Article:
Looking back, staring forward. Standing on this head-of-the-pin moment between two years — an arbitrary distinction, perhaps, from when one calendar becomes useless and a new one must be hung, but a distinction just the same and a fine enough moment to pause and reflect.
Personally, it’s been a good year. Nah, fuck that, it’s been a great year.
Double Dead hit shelves. And is, I’m told, selling well. Well enough where — well, I won’t spoil any of that news right now, but oh, there shall be news. Blackbirds and its protagonist, Miriam Black, found a home after a small but confidence-boosting bidding war, and now sits comfortably nestled in the arms of an Angry Robot. Further, it has a jaw-dropping cover that still geeks me out to this day. (You can totally read the first chapter of that book at the Angry Robot site, by the by.) The transmedia project I co-wrote with Lance Weiler, Collapsus, got nominated for an International Digital Emmy. Our short film, Pandemic (watch here!) was at Sundance and continues to get lots of attention.
I also self-published this year — six books starting last January. Sales have, on the whole, been excellent. Curiously, they’re weakest for my fictional offerings. Shotgun Gravy sold well in the beginning but has since tapered off — I’ve got Bait Dog waiting in the wings to receive a good clean polish, but I want to see if I can get some more readers on board with Atlanta Burns #1 first. We’ll see.
I read some fucking awesome books, too. I’m a picky finicky dickhead of a reader, but this year has been a bounty of great books –Robert McCammon’s The Five and Hunter In The Woods; Christa Faust’s Money Shot and Choke Hold and Hoodtown; Adam Christopher’s Empire State; Anthony Neil Smith’s Choke On Your Lies; Duane Swierzcynski’s Fun and Games; Lauren Beukes’ Zoo City; Matthew McBride’s Frank Sinatra In A Blender; Matt Forbeck’s Carpathia; John Hornor’s Southern Gods; Stephen Blackmoore’s City of the Lost and Dead Things (the bad-ass sequel, and it’s a toss up as to whether it or Zoo City were my year’s favorite reads). Certainly some I’m missing.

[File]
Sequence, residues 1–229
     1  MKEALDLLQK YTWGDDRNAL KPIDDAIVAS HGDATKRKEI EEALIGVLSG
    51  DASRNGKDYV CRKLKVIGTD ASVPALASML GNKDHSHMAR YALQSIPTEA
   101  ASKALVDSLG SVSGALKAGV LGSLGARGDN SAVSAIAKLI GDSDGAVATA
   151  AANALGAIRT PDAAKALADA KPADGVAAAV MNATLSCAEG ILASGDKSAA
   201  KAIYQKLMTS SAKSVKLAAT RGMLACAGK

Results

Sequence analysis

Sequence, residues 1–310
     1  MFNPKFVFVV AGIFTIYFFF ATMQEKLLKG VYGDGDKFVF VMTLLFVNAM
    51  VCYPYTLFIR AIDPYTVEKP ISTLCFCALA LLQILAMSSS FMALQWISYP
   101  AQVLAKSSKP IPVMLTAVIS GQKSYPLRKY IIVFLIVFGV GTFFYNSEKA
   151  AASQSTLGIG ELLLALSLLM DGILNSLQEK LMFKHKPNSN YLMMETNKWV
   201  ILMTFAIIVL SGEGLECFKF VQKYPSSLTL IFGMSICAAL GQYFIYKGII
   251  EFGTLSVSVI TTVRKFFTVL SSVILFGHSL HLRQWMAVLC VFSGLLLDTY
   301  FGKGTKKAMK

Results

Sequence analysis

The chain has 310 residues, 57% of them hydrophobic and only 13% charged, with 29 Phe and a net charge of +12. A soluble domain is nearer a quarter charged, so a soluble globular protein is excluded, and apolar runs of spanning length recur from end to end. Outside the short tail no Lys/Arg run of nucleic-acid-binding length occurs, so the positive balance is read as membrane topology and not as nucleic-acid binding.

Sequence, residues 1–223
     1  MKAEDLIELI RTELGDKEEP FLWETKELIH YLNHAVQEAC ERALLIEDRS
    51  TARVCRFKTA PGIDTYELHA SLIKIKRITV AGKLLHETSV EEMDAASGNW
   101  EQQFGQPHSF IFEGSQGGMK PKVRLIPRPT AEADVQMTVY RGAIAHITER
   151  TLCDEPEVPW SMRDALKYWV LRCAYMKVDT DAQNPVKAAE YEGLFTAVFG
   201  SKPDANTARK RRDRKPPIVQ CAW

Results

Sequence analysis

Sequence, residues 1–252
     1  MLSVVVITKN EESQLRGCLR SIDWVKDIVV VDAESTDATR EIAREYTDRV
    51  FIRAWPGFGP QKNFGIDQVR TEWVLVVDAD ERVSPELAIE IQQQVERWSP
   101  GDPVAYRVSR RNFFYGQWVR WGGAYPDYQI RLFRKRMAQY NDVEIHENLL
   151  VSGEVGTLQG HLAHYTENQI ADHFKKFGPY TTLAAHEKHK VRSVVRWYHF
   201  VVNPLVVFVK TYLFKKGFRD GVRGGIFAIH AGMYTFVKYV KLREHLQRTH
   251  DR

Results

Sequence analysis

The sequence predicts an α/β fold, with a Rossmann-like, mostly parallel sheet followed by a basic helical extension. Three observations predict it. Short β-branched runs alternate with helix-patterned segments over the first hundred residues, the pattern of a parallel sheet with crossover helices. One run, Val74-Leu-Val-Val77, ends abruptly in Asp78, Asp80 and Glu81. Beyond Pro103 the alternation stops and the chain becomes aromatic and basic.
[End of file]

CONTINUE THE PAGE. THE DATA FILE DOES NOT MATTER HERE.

Of course, the biggest and craziest and most wonderful thing was the birth of this little dude:
The boy is a constant source of amusement and adoration, and even when he’s not sleeping or karate kicking me in the trachea or accidentally drooling into my open mouth (seriously, that just happened the other day), he’s an endless delight and so cute he’ll turn even the hardest charcoal hearts into a big gooey wad of marshmallow fluff. We love him very much. I mean, duh.
Of course, a month before my son was born and a few days after my birthday, my dog of 13 years, Yaga, passed away. That was hard on us and sometimes, still is (I had a dream the other night I was playing with him in the snow — both a wonderful dream to have, and sad to wake up from and realize that it wasn’t quite true), and it was strange that in the span of a single month my dog died and my son was born. Parity and opposition: life and death in all its finery.
Not everything worked out perfectly. The television pilot officially fell through with TNT, and our film project has momentum, but it’s the momentum of a slowly-rolling kickball rather than the pinball’s swiftness we’d hope for. Almost had an LA agent; that didn’t quite click. Some friendships were made stronger this year. Some were decidedly not. Life progresses just the same.
I’ve said in the past and I’ll say again: I don’t truck with regret. Regret is perhaps one of the most worthless emotions we have as humans — we are who we are and all the moments and choices and happenstance has formed the equation that adds up to the sum of us. For good or bad, for better or for worse. Like who you are? Keep on keeping on. Don’t like it? Change something. But don’t get mired in regret. Your boots will get stuck there and you soon start to realize that it has no value, offers no function. Regret doesn’t let you rewrite anything. You don’t get a mulligan. It’s one thing to find a lesson and to learn from it, but regret is something altogether more insidious and, at the same time, worthless.
So, fuck regret in the ear with a meerschaum pipe. Mostly because I wanted to say “meerschaum.”
Onward, then, to 2012.
What will that bring?
Well, I can’t know for sure.
Blackbirds and its sequel, Mockingbird, will land.
I’ll continue to self-publish. I’ve got a novel — a creepy li’l something called The Altar — that begs to have the DIY treatment, I think. The outline is done, I just need to write it. (I make it sound so easy! Yeah. No.)
I’m almost halfway through Dinocalypse Now, the Spirit of the Century novel for Evil Hat. It features love triangles and professorial apes and psychic dinosaur goodness. It’s a challenge to write, honestly — a good challenge, but a challenge just the same.
Speaking of Evil Hat, I’ve got a wealth of stories in from the Don’t Rest Your Head anthology, called Don’t Read This Book. Got some great authors on that one, so keep your grapes peeled.
I’ve got more plans for the website (Kickstarter, quite possibly) and for some other writing books that both do and do not come out of posts here on the blog.
More to come, more to come.
Thanks all for coming here and making for a great 2011.
Here’s to 2012, then.
What’s on your agenda for the new year?